West Virginia college files for bankruptcy a month after announcing intentions to close
Aug 31, 2023, 3:30 PM | Updated: 4:06 pm
CHARLESTON, W.Va. (AP) — A small, private university in West Virginia declared bankruptcy on Thursday, a month after announcing that it planned to cease operations.
Alderson Broaddus University filed for Chapter 7 bankruptcy in U.S. Bankruptcy Court for the state’s northern district. According to the filing, the university estimated it had between $1 million and $10 million in total assets, liabilities of between $10 million and $50 million and owed money to between 100 and 199 creditors.
The filing was signed by Alderson Broaddus interim president Andrea Bucklew. The Chapter 7 filing would allow the university to liquidate its assets. The campus community was notified of the decision, the university said in a statement.
Alderson Broaddus board chairman James Garvin said that the board “is grateful to the students, employees, alumni and donors who have embodied the Christian spirit of the University, and through them, the legacy of AB will live on.”
On July 31 the university’s Board of Trustees voted to develop a plan to disband after another board overseeing the state’s four-year colleges and universities revoked its ability to award degrees effective Dec. 31. The university said the revocation meant the school could have offered only limited classes to about 20 students this fall, and it forced the Baptist university’s 625 students on the Philippi campus to scramble to enroll at colleges elsewhere.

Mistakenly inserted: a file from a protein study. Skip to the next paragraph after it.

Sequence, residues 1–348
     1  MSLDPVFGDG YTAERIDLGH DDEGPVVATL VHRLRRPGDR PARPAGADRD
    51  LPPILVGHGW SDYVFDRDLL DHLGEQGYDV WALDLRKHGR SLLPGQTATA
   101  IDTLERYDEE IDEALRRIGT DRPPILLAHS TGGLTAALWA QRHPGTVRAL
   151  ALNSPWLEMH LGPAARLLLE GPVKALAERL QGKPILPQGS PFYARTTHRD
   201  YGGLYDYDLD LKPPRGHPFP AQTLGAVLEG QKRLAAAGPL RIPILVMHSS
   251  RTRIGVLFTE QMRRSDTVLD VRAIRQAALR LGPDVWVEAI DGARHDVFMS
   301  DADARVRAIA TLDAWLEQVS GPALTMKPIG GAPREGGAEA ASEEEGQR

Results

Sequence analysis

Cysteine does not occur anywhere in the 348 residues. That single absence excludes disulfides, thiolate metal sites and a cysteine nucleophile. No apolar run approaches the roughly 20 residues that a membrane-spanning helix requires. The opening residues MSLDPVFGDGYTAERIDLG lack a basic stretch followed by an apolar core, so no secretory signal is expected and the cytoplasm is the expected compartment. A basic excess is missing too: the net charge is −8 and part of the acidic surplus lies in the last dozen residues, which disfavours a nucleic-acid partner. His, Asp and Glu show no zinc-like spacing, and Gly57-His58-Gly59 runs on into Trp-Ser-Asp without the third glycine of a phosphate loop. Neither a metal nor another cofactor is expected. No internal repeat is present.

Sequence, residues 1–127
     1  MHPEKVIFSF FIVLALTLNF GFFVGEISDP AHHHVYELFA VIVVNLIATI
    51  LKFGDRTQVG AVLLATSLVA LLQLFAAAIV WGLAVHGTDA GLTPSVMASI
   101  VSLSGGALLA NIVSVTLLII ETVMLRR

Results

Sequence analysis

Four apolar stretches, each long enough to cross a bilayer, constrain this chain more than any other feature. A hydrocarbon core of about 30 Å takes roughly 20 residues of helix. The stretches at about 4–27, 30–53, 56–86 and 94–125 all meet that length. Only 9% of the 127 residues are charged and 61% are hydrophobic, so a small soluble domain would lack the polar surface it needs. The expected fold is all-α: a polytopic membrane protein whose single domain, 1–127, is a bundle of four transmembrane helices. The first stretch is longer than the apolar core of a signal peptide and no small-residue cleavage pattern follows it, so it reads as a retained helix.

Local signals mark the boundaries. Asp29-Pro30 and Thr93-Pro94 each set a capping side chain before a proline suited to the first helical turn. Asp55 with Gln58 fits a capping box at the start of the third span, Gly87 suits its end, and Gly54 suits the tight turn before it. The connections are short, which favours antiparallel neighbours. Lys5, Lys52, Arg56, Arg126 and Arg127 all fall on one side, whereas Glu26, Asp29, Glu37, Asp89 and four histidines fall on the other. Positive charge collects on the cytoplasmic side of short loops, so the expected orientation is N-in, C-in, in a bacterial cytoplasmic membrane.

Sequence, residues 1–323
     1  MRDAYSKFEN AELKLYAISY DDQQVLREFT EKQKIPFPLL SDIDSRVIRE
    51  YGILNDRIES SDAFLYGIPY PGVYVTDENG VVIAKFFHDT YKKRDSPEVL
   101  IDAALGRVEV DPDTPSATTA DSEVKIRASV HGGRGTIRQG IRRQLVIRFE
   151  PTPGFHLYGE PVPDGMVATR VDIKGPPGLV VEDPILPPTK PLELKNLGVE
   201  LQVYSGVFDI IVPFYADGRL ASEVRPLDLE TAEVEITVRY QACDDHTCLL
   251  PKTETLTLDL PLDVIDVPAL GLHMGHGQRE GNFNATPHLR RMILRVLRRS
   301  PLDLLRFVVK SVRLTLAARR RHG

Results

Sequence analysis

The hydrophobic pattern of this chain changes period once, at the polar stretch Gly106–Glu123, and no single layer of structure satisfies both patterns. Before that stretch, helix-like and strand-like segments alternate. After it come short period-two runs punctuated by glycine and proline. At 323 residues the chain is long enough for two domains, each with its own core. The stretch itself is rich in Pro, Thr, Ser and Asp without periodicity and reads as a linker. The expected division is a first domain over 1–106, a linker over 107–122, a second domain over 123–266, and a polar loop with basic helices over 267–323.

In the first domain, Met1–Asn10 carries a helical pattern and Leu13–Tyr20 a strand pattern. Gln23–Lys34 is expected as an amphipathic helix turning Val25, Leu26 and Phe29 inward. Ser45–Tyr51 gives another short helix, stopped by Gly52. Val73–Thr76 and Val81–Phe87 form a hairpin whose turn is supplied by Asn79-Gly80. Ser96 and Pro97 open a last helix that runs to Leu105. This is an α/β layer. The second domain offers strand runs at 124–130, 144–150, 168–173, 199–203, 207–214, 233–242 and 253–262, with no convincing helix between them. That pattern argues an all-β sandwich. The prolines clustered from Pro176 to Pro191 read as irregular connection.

Other state universities, including West Virginia Wesleyan in nearby Buckhannon and Fairmont State University in Fairmont, offered application and transcript evaluation assistance to Alderson Broaddus students.
Student academic and financial records have been transferred to West Virginia Wesleyan, located about 21 miles (34 kilometers) from Alderson Broaddus. West Virginia Wesleyan will make transcripts and other information available to former Alderson Broaddus students.
Earlier in August West Virginia Wesleyan said it had accepted more than 20 transfer students from Alderson Broaddus.
Alderson Broadus said it had anticipated receiving an employee retention credit payment from the Internal Revenue Service of more than $1 million. However, the funds were not received in time.
The website of Alderson Broaddus was taken down Thursday and the school encouraged its employees to seek unemployment insurance benefits.